Page 2 of 18 Dec 1999 Issue of Del Rio News Herald in Del-Rio, Texas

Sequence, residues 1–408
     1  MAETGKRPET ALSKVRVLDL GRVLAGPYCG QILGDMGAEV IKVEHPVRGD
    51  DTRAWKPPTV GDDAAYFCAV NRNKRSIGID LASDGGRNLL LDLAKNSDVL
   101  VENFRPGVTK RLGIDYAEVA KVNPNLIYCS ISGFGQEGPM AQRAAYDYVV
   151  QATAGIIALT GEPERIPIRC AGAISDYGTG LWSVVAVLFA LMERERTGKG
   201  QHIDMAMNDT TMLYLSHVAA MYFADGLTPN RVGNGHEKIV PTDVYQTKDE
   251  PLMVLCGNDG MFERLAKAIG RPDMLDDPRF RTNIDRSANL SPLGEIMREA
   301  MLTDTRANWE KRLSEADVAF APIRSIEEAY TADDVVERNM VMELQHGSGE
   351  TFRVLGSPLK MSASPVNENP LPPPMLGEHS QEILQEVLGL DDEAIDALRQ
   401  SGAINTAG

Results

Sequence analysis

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Del Rio News Herald (Newspaper) - December 18, 1999, Del Rio, Texas 2ADel Rio News-Herald Saturday, December 18, 1999 Courtesy photo jNorth Heights Ele-Jmentary held a ¡parental ' migrant ¡workshop Dec. 8, ^addressing school «safety. Door prizes iwere raffled off to Jthree parents. Forty ^parents attended ¡the session. Courtesy photo Kindergarten eleves brighten Christmas at Garfield Elementary. Pictured, from left, back row, are assistant principal R.M. Flores, J. Hernandez, K. Smith, V. Guerrero, S. Dominguez, B. Bernard and Principal M. Gonzalez-Ruiz; front: S. Santil-lan, E. Barrera, I. Castellanos, V. Muñoz and A. Garcia. Deaths Baltasar Torres Deadline for Around Town items is 4 p.m. the previous day for Tuesday through Saturday and 6 p.m. Triday for Sunday and Monday editions. Tor more information call Gus Garcia at 775-1551, Ext 200. 9 .Community Health Scr-vij:cs, 203 Avr. P, will hold a llaliclay Adopt a-'l'hon betiiiiiiin^ D^c. 20 arid etidinti Dec. 30. AÍI aiiimal.s are hall priee. Vaccina ti(Jns and spayinji or nenlerinj:» aix' still required. • Project NINO has moved its aijnual event to the Our Didy of Guadalupe Gymnasium !rom 10 a.jn. to 2 p.m. on Dec. 2.^). » • ’Just a reminder that VFW Post 8552 members and auxil-iajy are waitinji, on their Christmas baskets. Members are ai^'ked not to forget the program. < • ¡The American Red Cross is ollering a babysitter’s training. Wednesday, Dec. 29 and Thurs d^y, Dec. 30. On Wednesday, the class is from 6:30 to 9:30 |).m. aCid Thursday from 8:30 to 4:30. l.earn how to be a good babysit te¿". The course is desigiu'd for a$es 11 15. Must attend both VVicdnesday and Thursday. I'he {'(Jst of the course is $30. Call the ARC offiee at 775-8626 or 2^8-5125 to sign up. A list of trtiined baby sitters is kept in tlje Red Cross offiee. A Spanish«tt4il^l course will be held by thr^^Att^-ican Red Cross. An institfiWr will come from out ol town to instriu't this class. A one-day ('lass that teaehes how to help anyone ages 9 and older with clioking, brji'athing or cardiac' cmcrgciu'V Participants who pass one writt<*n quiz and skil ( hecks will h(‘ issiu'd an adult CPR and First Aid ('crtiluates. 'I'his IS a four hour course. Cost is $20. Call 775 8626 or 298 5125 to isgn up for the class. I.imit is 25 students. • Amistad National Recreation Area prc'sents, "Evening Programs Under the Stars," today , 7:30 [).m. at (Governors Landing Amphitheater. UT Austin Cave Biologist, Ms. Jean "Creature" Ki'('j('a will tell us how catfish and other critters have adapted to lif{' in the dark in "Cave Crea lures." Program is FRlvlC Call 775 7491 lor more info. • * Free Guided Bird Walk today at 8 a.m.. meet at Amistad NRA headquarters on HWY 90. From there we will carpool to the Rio Grande area below Amistad Dam. Bring drinking water. UMJto'ulíirs,' and bird books. Wtar sturdv shoes. Por more info Wtar sturdv shoci ('aff/’7b 7491. The Del Rio Christian Church (Disciples of Christ) 1701 Kings Way. is celebrating the birth of Christ with a Christmas Pageant today for all the children in Del Rio. The Pageant begins at 6 p.m., everyone is weU'oiiK'. • Christmas Eve Candlelight Service: ICveryone is invited the service at 7 p.m. at Del Rio Bible Chiinh. 201 Spring Street. Come cclebrat(‘ Jesus! • Join the Christmas Cheer with Miss Bonnie’s Dance A(?ad-emy. 'I'hey will have several per-formaiu'es this week, including Friday at the F\iul F\>ag Theater at 7:;io p.m. and Saturday at the Mall at 11:15 a.m., 12:45 p.m. and 4:30 p.m. Admission is free to all shows. • The Cactus Twirlers Square Dance Club will meet I'riday, Dee. 31. This will be tlie gala New Years ICve Dance with Wayne Morvant of Abilene call ing. All area square dancers are invited to these events. The Val Verde County Rural Volunteer Fire Department is sponsoring a benefit raffle of a Guided Elk Hunt. Drawing is today at 2 p.m. in Plaza del Sol Mall. P'or more information or tickets, call 774 7640. • Casa de la Cultura/A Project of PJ Comit(^ Cultural del Pueblo Inc. invite you to the 6th annual “Pastorela, Bailes y Cantos" on Sunday, Dec. 19, at the Paul Poag Theater at 4 p.m. with special guest violinist Valerie Ryals and friends. Free admission. Made possible by a grant from tlie Texas Commission on the Arts, Val Verde Community P'oLindation, H-E-B. The Bank and Trust, the City of Del F^o, Val Verde County, Ramada-Fnn Del Rio and PTicnds of the Casa. Call 774-8742. • The DRHS CLASS OF 1980 is planning its 20th reunion for June 9 11, 2000. Please contact Rosie Maldonado Perez, 775-5187:    Cindy Jankowski Cardenas, 775-1781: or Gina Watkins Martinez, 775 5594 for more information. Today in Hi,story By The Associated Press • Today is Saturday, Dec. 18, l)ie 352nd day of 1999. There arc 1-3 days left in the year. : Today’s Highlight: ' On Dec. 18, 1944, in a pair of ridings, the Supreme Court ifpheld the wartime relocation of jCapanese-Americans, but also !^id undeniably loyal Americans ol' Japanese ancestry could not Ije detained. * On tins date: ¡ In 1787, New Jersey became the third state to ratify tlie U.S. (Jonstilution. < In 1865, the 13th Amendment % to (he Constitution, abolishing slavery, was dei lared in effect. In 1892, Tchaikovsky’s "The Nutcracker Suite” publicly premiered 111 St. F\*tersburg, Russia. In 1915, President Wilson, widowed the year liefore, married Fvdith Bolling Galt at her Wash ington Fionie. In 1940, Adolf Hitler signed a secret direc'tive ordering preparations for a Nazi invasion of the Soviet Union. Operation ”Bar-liarossa” was launched in June 1941. In 1956, Japan was admitted to the United Nations. In 1969, Britain’s Parliament abolislK'd the death penalty for murder. In 1971, the Reverend Je.sse Jack.son announced in Chicago the founding of Operation PUSH (FVople United to Save Humani-i.v)- In 1972, the United States began its heaviest bombing of, North Vietnam at that time during the Vietnam War. 'Hic bombardment ended 12 days later. Ten years ago; Robert E. Robinson, an attorney and alder man in Savannah, Ga., was killed by a mail bomb similar to a device that had claimed the life of a federal Judge in Alabama two DEL UK) NEWS-IIEHALD Serving the community since 1929 jOE.SANMKíDKL Publisher-General Manager 775-1551, Kxt. 245 I’he Del Rio News Herald is published Monday ihiough h'riday aflenunuis and .Salur 1 day and .Sunday mornings 5 The newspaper's address is I'O Hox 420.197 or 220.S Bedell Ave , Del Rio, Texas } 7X842 4 4 ,1 .! .Second class postage will be paid at Del Rio, Texas tlSI’.S 15I7(K) HI.STMA.STLR Send ÍJjhJcss change lo Del Rio News-Herald, I’O Btrx 420.197, Del Rio, Texas 78842. Home IK'livcry: One month $8. six monlhs $48. one year, $96 --i-j- 775-1551 • 774-SELL (Classifieds) • 775-NEWS( SOUND-OFF!) Mail delivery: I’ayments are due prior to the start of delivery. One month, $10; three months $10; one year. $120 Payments may be mailed to Box. 420397, Del Rio, Texas 78842. .Sutulay (only) Mailout $6 a month Por missed copies or to start or stop newspa-pel, call 775-1551 Monday through Friday: 5-7 pm; Saturday and Sunday; 8:30-10:30 am . ADVKRl’ISINt; - Retail Janie .Sharp, Ext. 250; (’LA.SSIUKI) ADS - Karla or Dariela at 774-.SELL NEW.S/Cn V DESK Rosa Delgado, Ext 230 or SODNIXIFF! - 775-NEWS SPORTS ■ Bill Jewell, Ext 223 ('IRniLA'I'ION: Rolando Montalvo, ext 235 BUSINESS - Amanda Aguirre, Ext. 242 PRE.SSROOM/COMMERCIAL PRINTING - Ext 231 PRINTIN<i/ rYPESETI’IN(;-Brigido Cardenas, Ext 2.16 MAILROOM • Juan Jimene/. Ext. 232 Baltasar Torres. 24, of San Antonio, formerly of Del Rio, passed away Saturday. Dec. 11. 1999, in San Antonio due to a car accident. He was born Nov. 29, 1975 in Sterling. 111. Survivors are his daughter, Veronica Torres and son. Alexander Torres, both of Fayetteville, Ark. He is also survived by his parents: Angela Estrada Torres and Jose M. Torres of Del Rio, brothers: Jose M. Torres, Jr. Pantaleon Torres and Juan Antonio Torres and wife Mellissa, all of San Antonio, maternal grandparents: Jose Luz and Rosa Estrada of Sterling. 111., ex-wife: Sherilynn Torres of Fayetteville Ark. He is also survived by numerous aunts, uncles, nieces, nephews and cousins from Del Rio. Illinois and Zaragoza, Mexico. He was preceded in death by his paternal grandparents. Pantaleon and Bernandma Torres. Torres graduated from San Felipe Del Rio High School on May 28, 1993. He was working for Diamond Shamrock in San Antonio at the time of his death. Memorial Services will be at 10 a.m. Monday at Our Lady of Guadalupe Catholic Church with Father Armando Guerrero. MNM officiating. Funeral arrangements are with G.W. Cox Memorial Funeral Home, 114 Fletcher Drive, 775-2000. Sheriff assails newspaper, reporter in news conference about 1976 AWOL days earlier. Walter Ixroy Moody Junior was later convicted of both bombings, and is on Alabama’s death row. Five years ago: Former U.S. president Jimmy Carter arrived in Bosnia-Herzegovina on a private mission to seek an end to 32 months of war. One year ago: I'he House debated articles of impeachment against President Clinton. U.S. and British forces blasted Iraq with a third day of airstrikes. South Carolina carried out the nation’s 500th execution since capital punishment resumed in 1977. FORT WORTH (AP) — Tarrant County Sheriff David Williams admitted going AWOL as a 22-year-old military policeman in 1976, but spent more than half of a news eonference Friday to attack The Dallas Morning News and a reporter for making the incident known. The sheriff called it "advocacy tabloid journalism,” said he is concerned about how the Morning News obtained documents that he considered private and was particularly upset that a reporter called his ex-wife, telling her "he was with the people who wanted to get the sheriff out of office.” The Dallas Morning News denied the claim. "Accusations that our reporters are politically motivated and that one reporter told Mr. Williams’ ex-wife that he was working with the sheriffs opponents are preposterous,” said Gilbert Bailón, viee president and executive editor of the Morning News. “We strongly defend the integrity of our reporters and their news-gathering. The sheriff has not attacked the accuracy of I'he Dallas Morning News stories, which were based on government files that were directly obtained from the National Personnel Records Center in St. Louis. The facts were gathered through standard open records requests.” The newspaper’s article on Thursday reported that although Williams touted his military police experience when he first ran for office seven years ago, his military career ended shortly after he went absent without leave in 1976 and was labeled a deserter. “Over 20 years ago. 1 made mistakes and I learned from those mistakes.” Williams said at the news conference, saying he feels the article was aimed at derailing his bid for a third term of office. But he said he will continue his bid for re-election, and said he will not lose the election over this. “Wliat you have done here is wrong and despicable,” Williams said. The Morning News said Williams declined comment for their story in Thursday’s editions. The sheriff continued throughout the day Thursday to comment on the story. Williams said he got an honorable discharge from the Army. He showed about a dozen documents, including letters of commendation, letters of appreciation and efficiency reports that described his military conduet and services as excellent and outstanding. Williams said he went AWOL in a desperate attempt to reeon-cile with his wife and small child. "It was an aberration in judgment on my part that 1 will always regret,” he said. He said in late 1975, while he was on vacation and trying to patch up his marriage, the Army called him back to Fort Sill, ^ Okla., early. He returned to the ^ base, but began requesting some of the 72 days of leave he had ., accumulated, to pursue the reconciliation, he said. His requests were repeatedly denied, he said, “And one day, I finally felt the burden and I told the sergeant, ’1 quit’ and walked ¡ out.” Williams called it a “personal and spiritual crossroads” in his life. He declined to say where he ’ was for the five weeks in ques- ' tion, when he was listed first as AWOL, and then as a deserter. "There are parts that I don’t remember where 1 was at,” he ’ said. “I was drinking pretty heavily in those days. That probably was not an element that contributed to sound judgment,” Williams said. The news conference was originally scheduled for mid-day, got bumped to 3 p.m., then for 4 p.m., and didn’t actually start until shortly after 4:30 p.m. It got off to a rocky start. When the sheriff walked in, everyone had set up their microphones on the podium. Williams said, “You’re going to have to move all your equipment” to make room on the podium for his material. Someone respondeed, “We won’t be able to hear you,” and . the sheriff responded, “Then we won’t have a press conference." The reporters moved their , microphones off the podium, placed them on the table next to the podium, and the news conference began. Williams, undaunted by a slew of opponents and a poll showing his support dwindling, threw his hat into the ring in October for another term. At least seven candidates are campaigning or considering running against Williams in the Republican primary. Three Democrats are considering the race as well. When he announced for re election, Williams listed only $100 in donations, while two others had nearly $50,000 apiece. The sheriff made headlines when he fired three top deputies upon taking office, only to rehire them later. He also has tussled with county commissioners over his acquisition of militaiy surplus helicopters, the purchase of sport utility vehicles for his department and differences over the department’s budget. He sued commissioners over control of his budget, but ultimately dropped the lawsuit. Nonetheless, he blames them for his employees’ low salaries and has asked the state attorney general for a legal opinion on how much authority the commission-^ ers have over a sheriff.    ¡ Prayer issue will be on GOP primary ballot AUSTIN (AP) — Prayer will get mixed in with politics on the Texas Republican primary ballot. State party officials have voted to place a non-binding referendum on the GOP ballot next March that asks voters, “Shall student initiated prayer be allowed at school sporting event?” The referendum responds to recent court rulings banning student led-prayer before football games and gives Texans a chance to express their “outrage,” said Susan Weddington, Republican state chair. ‘This is an issue that goes to the very heart of the rights and freedoms of Texas students guaranteed in the United State Constitution,” Ms. Weddington said. “We cannot allow an out-ofcontrol, activist judiciary to sac rifice our freedoms at the altar of' politically correct, modern dayj liberalism."    ' State election laws allow polit-¡ ical parties to put non-binding questions on their primary bal-‘ lots. The Texas primary will be conducted March 14. The Republican state executive committee approved placing the Texas Religious Freedom Referendum on the ballot earlier this month, GOP spokesman Robert Black §iaid Friday. Although there have been few, if any, over the last decade. Black said, such referendums are used to gauge opposition and support on an issue. The religious referendum will be the last item on the ballot. “By placing this referendum See PRAYER, P.